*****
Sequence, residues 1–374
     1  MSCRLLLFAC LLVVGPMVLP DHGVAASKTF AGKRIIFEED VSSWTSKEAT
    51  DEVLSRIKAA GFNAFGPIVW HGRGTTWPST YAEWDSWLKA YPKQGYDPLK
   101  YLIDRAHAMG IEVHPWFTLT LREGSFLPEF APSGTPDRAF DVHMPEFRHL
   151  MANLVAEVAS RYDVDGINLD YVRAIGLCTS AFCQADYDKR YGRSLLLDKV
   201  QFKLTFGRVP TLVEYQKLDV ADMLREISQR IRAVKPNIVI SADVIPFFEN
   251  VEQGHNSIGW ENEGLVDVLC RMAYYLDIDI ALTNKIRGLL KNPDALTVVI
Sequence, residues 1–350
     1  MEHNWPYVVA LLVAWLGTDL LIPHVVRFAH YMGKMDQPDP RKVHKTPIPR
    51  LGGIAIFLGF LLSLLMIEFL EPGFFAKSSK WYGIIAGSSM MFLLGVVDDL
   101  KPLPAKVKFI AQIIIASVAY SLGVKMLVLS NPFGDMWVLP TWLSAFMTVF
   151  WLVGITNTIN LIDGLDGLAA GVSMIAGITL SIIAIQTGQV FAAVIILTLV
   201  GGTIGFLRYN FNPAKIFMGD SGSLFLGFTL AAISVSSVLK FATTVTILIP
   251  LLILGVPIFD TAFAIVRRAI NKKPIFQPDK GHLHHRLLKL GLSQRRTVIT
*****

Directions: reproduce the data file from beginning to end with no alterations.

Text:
Sequence, residues 1–374
     1  MSCRLLLFAC LLVVGPMVLP DHGVAASKTF AGKRIIFEED VSSWTSKEAT
    51  DEVLSRIKAA GFNAFGPIVW HGRGTTWPST YAEWDSWLKA YPKQGYDPLK
   101  YLIDRAHAMG IEVHPWFTLT LREGSFLPEF APSGTPDRAF DVHMPEFRHL
   151  MANLVAEVAS RYDVDGINLD YVRAIGLCTS AFCQADYDKR YGRSLLLDKV
   201  QFKLTFGRVP TLVEYQKLDV ADMLREISQR IRAVKPNIVI SADVIPFFEN
   251  VEQGHNSIGW ENEGLVDVLC RMAYYLDIDI ALTNKIRGLL KNPDALTVVI
Sequence, residues 1–350
     1  MEHNWPYVVA LLVAWLGTDL LIPHVVRFAH YMGKMDQPDP RKVHKTPIPR
    51  LGGIAIFLGF LLSLLMIEFL EPGFFAKSSK WYGIIAGSSM MFLLGVVDDL
   101  KPLPAKVKFI AQIIIASVAY SLGVKMLVLS NPFGDMWVLP TWLSAFMTVF
   151  WLVGITNTIN LIDGLDGLAA GVSMIAGITL SIIAIQTGQV FAAVIILTLV
   201  GGTIGFLRYN FNPAKIFMGD SGSLFLGFTL AAISVSSVLK FATTVTILIP
   251  LLILGVPIFD TAFAIVRRAI NKKPIFQPDK GHLHHRLLKL GLSQRRTVIT